Whitetail Preseason Preparation: Setting Expectation

If you’re like me, you’ve been waiting and anticipating the upcoming archery season since, well, the 2014 season ended. Typically, I’d just wait and daydream of the upcoming season, chomping at the bit to get back in the stand, but this year I’ve upped my game. This year I made the off-season as meaningful as the whitetail hunting season itself by seeking out expert whitetail advice and tips.

 Different from years past, I’ve applied what I’ve learned and have begun to fine-tune my whitetail hunting strategy. Everything from food plot implementation and moon phase impact on deer movement, to effectively aging deer on the hoof and overall management of my property for bigger more mature deer. The strategies and information available to today’s whitetail hunter is endless and I’ve read, watched, and listened to as much as I could get my hands on. It’s easy to get overwhelmed with all the information out there, and to think, “this is just too much.” This is what I used to think. And if you’re a beginner or starting a project  from scratch, it can be a daunting task, but it can be done. With a little planning and hard work “and some help from your friends” your goals  can be met.  I’ve been fortunate to have the help of my father-in-law and some of our friends in implementing new strategies or enhancements to the hunting property. We all chipped in financially and shared in the sweat equity. We thought we may be able grow more mature deer, and bigger bucks, if we implemented a few property management tactics. A few strategically placed food plots seemed feasible to accomplish. It’s important to set realistic expectations for the ability of you (or your camp) to commit money, time and resources. This will ultimately help you understand your potential impact on your whitetail habitat.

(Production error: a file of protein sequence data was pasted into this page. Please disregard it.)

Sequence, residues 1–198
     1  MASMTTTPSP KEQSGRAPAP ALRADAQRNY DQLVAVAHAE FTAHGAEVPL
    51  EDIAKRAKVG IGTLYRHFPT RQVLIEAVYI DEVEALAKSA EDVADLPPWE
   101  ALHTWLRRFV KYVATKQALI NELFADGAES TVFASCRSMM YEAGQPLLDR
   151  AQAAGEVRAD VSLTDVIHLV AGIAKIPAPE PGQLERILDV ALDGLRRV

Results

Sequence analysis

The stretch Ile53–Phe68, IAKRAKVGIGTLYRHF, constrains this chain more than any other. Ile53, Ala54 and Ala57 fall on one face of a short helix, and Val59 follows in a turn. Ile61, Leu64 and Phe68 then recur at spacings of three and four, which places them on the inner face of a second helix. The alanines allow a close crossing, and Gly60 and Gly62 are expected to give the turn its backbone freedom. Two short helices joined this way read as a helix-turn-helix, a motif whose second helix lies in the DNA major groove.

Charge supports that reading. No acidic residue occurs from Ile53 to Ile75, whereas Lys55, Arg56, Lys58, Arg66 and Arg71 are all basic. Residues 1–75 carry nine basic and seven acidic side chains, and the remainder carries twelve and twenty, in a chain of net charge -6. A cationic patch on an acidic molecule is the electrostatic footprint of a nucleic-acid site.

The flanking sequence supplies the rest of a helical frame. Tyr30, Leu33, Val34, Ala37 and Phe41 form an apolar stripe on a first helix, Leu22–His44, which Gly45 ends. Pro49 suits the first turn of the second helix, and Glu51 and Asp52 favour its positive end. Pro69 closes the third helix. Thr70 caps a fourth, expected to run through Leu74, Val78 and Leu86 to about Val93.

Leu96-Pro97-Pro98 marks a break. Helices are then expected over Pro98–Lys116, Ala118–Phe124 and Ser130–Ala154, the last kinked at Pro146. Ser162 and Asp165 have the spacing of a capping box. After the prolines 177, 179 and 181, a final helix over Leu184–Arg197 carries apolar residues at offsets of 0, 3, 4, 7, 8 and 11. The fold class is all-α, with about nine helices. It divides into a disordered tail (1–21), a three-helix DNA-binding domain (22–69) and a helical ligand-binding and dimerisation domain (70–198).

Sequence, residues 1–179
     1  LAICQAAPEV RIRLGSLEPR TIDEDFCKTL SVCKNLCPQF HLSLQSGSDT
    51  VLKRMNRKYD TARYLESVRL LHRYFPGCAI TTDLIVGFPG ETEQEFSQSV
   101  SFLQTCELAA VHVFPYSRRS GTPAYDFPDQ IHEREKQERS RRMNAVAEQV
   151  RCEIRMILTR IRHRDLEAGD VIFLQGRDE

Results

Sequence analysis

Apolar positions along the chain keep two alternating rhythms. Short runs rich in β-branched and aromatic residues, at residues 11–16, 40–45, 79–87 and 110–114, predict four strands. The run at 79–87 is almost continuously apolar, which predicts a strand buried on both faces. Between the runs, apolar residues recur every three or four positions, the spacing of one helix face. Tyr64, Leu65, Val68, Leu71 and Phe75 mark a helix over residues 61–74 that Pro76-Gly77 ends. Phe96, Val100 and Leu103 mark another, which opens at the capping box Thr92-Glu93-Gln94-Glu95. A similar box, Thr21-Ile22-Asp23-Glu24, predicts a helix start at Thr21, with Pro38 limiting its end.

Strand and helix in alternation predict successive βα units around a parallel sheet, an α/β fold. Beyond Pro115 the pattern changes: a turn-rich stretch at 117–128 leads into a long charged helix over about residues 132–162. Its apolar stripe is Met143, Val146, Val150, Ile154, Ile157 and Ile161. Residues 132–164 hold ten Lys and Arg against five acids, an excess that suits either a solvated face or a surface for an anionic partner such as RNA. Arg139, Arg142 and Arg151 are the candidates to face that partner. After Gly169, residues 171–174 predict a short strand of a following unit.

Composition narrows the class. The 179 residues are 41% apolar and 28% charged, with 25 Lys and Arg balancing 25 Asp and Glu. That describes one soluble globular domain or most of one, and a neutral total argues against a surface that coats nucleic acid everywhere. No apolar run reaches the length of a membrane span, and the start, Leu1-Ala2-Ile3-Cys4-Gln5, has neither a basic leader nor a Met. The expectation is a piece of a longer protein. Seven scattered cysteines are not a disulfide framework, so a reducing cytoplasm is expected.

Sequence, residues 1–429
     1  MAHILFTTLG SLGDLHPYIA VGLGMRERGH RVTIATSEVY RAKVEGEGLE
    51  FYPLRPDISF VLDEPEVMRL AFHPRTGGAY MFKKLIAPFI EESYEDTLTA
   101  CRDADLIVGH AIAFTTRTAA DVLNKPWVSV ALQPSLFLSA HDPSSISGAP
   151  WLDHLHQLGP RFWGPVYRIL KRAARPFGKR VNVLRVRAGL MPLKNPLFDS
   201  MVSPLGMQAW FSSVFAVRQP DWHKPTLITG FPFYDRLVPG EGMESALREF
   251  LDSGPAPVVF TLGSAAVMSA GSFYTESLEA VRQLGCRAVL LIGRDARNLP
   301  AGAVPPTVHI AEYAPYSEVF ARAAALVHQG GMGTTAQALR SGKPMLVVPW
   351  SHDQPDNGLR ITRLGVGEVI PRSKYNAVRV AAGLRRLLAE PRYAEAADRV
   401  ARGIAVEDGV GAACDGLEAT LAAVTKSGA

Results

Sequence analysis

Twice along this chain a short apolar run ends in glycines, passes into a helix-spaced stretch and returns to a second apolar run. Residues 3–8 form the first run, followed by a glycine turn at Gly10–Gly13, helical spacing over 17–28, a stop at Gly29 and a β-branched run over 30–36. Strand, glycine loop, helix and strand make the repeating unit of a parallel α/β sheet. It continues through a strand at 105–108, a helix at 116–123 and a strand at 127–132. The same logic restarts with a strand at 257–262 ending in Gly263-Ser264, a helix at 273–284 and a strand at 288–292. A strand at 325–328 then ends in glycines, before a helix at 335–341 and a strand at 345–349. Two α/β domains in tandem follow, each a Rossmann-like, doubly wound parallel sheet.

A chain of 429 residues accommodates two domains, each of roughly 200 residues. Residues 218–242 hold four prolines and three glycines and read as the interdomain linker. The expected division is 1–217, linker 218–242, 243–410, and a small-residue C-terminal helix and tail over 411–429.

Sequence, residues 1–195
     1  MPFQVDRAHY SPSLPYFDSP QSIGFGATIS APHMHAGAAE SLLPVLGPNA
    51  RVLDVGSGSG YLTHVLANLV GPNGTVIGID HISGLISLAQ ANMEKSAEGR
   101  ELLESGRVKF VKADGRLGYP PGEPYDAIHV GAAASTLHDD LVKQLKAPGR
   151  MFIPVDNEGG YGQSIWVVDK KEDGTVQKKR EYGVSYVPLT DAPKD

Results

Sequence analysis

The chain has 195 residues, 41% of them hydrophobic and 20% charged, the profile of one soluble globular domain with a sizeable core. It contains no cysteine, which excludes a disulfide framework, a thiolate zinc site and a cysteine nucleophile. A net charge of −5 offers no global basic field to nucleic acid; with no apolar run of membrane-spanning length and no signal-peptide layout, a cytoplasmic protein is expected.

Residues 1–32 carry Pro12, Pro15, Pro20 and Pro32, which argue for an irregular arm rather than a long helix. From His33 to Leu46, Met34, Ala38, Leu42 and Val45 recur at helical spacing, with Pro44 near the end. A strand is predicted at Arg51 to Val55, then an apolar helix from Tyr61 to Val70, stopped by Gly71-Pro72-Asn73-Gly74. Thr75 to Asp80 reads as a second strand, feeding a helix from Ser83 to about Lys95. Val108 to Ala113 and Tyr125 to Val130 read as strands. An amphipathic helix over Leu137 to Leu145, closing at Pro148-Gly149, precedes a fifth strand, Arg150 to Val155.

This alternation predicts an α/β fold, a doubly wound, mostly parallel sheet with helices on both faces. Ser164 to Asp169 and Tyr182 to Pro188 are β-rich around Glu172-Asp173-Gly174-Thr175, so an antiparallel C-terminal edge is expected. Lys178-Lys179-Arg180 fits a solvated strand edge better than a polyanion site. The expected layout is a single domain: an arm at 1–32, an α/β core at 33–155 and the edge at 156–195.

I’m no different than any other whitetail addict. I watch whitetail hunting shows and want to battle wits with a mature Booner buck. But the reality is, my property may never produce an animal like that due to surrounding pressure, genetics, etc….and that’s ok. If you’re hunting public land, there are more variables out of your control….and that’s ok, too. The key is  to understand what is possible, in the areas we each hunt. So the real question I had to ask myself was, what can I realistically do to better my hunting, and what was I willing to do? This determined what my expectations should be heading into the 2015 season and beyond.

My realistic expectation was to create a 5 acre food plot and a few microplots throughout the timber. I do have access to a small farm tractor, ATV’s and a few friends who were willing to help. One of the fields was seeded with Whitetail Imperial Clover, creating a 5 acre food plot in the middle of the hunting property. This plot would not be hunted directly (only travel corridors to and from)—so deer never equate this food source with humans or pressure. Eight smaller microplots were also planted (all totaling about an acre) in various areas within the timber. These sites will be hunted and are placed relatively close to known bedding areas and travel corridors. The microplots were all created using only hand tools, and seeded with Imperial Whitetail Bow Stand and Imperial Whitetail Winter Greens.

With this approach the farm now has a long-term sustainable food source after the spring and summer crops have been harvested, along with huntable plots.This undertaking (number of plots and scale) may not be suitable for everyone. Making changes to enhance your hunting property can be exciting, and hopefully with a little good fortune, payoff during the season. While keeping your approach simple is often best, determining an genuine conclusion on your approach will bring you one step closer to your moment of truth from the stand.

Whitetail Institute of North America

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